Pens shops don't give a rats ass about Japanese pens unless you have some super high-end makie pens and then they are still clueless. Don't bother with them. You'll do better on eBay. Should you have some nicer vintage models there are several online buyers that might be interested. IDepends on what you got.

 

Yep, you are totally right! the staff said a lot of mean things about my pens...

Please check out my shop on Etsy - Sleepy Turandot

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@Chi, no worries, there are enough people in the world who care about this. May not be so much money in the loop, but I am sure there are plenty of people who derive pleasure from collecting and using these pens. Let's all cheer up. 

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I've been eagerly following this thread and it's been interesting so far, in particular thanks to @stan!

 

The worst about finding info on Japanese pens is obviously the language barrier, not to mention the fact that the companies (from memory I know this is certainly the case for Pilot) don't have all the records, as they didn't keep them at first and then some were lost due to damages.

 

But I have to say that I really like how e.g. Pilot revived one of their vintage models (i.e. Elite 95 s) and stayed true to form. Parker's revival of the 51 has been a bit disappointing, especially as they changed almost everything (to me the most annoying is the threading vs slip cap).

 

Well, this post is highly unhelpful and slightly OT, but nonetheless great first post and start @OldTravelingShoe, looking forward to learning more! And a belated "welcome"!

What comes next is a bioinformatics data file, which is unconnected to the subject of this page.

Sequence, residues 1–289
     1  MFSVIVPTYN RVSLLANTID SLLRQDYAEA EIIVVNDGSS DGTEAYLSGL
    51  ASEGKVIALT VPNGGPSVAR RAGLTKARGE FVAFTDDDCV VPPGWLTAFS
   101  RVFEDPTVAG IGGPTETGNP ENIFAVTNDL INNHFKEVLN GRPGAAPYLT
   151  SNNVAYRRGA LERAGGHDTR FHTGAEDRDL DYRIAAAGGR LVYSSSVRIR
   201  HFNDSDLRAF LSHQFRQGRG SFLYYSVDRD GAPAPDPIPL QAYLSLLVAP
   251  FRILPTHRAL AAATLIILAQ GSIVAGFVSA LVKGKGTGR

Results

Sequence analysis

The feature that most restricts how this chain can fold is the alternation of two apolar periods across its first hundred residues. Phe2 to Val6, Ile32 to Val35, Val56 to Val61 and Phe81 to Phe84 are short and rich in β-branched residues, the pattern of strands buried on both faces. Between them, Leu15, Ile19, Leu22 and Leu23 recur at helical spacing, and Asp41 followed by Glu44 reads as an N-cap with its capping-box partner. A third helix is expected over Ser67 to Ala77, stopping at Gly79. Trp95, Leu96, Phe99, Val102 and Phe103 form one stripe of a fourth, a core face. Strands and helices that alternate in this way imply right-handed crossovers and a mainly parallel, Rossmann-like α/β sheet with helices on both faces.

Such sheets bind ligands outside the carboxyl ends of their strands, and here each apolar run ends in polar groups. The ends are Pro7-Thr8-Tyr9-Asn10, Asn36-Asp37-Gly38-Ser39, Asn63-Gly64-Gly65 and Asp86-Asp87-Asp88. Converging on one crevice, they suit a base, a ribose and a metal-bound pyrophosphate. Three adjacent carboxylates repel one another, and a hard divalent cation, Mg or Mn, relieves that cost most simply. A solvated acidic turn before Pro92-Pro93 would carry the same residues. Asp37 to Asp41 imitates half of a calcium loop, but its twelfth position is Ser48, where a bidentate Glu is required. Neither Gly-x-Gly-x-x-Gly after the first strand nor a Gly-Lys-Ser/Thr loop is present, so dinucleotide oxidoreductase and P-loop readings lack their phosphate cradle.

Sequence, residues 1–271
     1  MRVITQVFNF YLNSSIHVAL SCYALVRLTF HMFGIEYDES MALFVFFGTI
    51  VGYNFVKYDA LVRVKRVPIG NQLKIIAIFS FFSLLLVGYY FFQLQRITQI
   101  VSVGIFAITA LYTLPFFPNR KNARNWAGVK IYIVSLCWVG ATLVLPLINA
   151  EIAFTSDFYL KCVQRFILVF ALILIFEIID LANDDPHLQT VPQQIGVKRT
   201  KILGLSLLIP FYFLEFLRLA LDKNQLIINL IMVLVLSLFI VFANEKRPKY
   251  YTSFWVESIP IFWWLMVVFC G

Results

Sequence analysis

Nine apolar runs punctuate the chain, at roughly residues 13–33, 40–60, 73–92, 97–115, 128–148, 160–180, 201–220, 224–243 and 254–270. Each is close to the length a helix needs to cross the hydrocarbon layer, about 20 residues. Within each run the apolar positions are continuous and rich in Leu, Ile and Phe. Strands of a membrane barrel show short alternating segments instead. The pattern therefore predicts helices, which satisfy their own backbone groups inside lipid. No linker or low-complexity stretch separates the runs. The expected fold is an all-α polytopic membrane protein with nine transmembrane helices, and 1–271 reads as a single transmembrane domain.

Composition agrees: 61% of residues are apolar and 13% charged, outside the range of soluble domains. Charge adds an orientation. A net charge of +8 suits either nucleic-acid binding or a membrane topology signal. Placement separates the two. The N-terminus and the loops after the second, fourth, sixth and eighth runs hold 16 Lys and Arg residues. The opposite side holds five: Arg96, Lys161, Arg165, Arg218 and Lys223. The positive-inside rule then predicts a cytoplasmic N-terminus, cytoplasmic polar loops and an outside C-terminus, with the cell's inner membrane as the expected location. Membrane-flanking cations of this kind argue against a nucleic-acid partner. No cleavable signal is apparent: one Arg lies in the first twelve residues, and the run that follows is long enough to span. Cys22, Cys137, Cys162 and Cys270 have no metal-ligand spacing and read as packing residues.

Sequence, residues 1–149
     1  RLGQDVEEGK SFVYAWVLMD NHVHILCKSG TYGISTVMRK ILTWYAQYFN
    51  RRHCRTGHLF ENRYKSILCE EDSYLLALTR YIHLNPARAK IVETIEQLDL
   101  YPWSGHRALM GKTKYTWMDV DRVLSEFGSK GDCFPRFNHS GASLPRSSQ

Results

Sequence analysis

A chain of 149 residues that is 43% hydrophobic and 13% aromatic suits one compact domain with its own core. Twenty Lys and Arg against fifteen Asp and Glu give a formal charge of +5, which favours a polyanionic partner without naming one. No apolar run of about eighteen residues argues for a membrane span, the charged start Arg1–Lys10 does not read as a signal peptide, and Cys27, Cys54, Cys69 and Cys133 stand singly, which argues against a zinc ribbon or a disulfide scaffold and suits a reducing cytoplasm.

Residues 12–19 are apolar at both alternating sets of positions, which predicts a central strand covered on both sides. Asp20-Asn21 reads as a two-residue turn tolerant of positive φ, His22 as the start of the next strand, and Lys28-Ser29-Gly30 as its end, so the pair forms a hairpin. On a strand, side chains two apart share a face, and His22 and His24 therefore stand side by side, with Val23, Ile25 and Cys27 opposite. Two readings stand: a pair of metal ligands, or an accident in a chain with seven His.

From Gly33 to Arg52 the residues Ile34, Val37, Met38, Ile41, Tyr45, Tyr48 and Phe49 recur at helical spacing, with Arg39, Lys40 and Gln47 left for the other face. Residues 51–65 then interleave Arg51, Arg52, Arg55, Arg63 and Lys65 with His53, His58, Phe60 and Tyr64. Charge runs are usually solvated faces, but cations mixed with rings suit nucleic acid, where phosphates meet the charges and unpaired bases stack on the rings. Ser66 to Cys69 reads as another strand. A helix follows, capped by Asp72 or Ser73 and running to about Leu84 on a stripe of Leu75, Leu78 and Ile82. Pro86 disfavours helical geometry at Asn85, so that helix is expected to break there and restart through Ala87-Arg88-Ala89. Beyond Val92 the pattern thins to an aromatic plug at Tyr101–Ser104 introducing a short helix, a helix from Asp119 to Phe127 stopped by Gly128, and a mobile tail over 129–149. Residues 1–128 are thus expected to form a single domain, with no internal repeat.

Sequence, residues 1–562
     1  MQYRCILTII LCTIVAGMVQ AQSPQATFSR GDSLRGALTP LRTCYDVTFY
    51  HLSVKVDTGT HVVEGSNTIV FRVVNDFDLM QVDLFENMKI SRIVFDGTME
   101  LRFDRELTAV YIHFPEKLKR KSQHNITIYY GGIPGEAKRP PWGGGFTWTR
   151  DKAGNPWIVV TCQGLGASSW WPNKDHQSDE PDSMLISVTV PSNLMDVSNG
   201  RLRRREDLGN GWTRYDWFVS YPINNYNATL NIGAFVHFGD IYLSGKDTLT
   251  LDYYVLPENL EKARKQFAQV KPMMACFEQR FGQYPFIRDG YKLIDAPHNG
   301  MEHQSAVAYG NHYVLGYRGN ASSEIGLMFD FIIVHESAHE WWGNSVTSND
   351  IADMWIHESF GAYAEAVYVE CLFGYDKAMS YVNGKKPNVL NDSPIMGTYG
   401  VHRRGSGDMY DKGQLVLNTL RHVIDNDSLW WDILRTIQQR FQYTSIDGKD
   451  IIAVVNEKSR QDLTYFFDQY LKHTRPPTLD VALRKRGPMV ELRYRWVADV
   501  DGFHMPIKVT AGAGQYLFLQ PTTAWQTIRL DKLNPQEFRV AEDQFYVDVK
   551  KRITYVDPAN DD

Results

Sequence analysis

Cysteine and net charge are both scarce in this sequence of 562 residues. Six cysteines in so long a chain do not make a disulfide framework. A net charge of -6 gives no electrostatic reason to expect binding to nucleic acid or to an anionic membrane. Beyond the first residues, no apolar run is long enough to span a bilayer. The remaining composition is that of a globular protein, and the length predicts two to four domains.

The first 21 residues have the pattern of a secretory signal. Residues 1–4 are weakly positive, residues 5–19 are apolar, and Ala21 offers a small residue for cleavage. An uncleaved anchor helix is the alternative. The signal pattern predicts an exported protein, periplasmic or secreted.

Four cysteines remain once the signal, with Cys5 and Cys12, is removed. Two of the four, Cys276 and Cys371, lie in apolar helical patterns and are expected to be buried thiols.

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25 minutes ago, Olya said:

a belated "welcome"!

Thanks, @Olya. I saw your name in various threads I've read, nice to meet you also this way. 

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21 minutes ago, OldTravelingShoe said:

Thanks, @Olya. I saw your name in various threads I've read, nice to meet you also this way. 

You're welcome! ☺️

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5 hours ago, Olya said:

obviously the language barrier

That was the case until the new translation system: https://www.deepl.com/translator

This service not only produces "understandable" but "very good" Japanese. The other direction is nearly perfect.

 

The other problem is that a number of Japanese shops will not want to deal with foreigners - or require a Japanese mailing address or even a credit card from a Japanese bank.

The mailing address is the least problem if you use a parcel forwarder. For the two other problems you need to find someone in Japan doing the buy for you (with all the problems it might cause).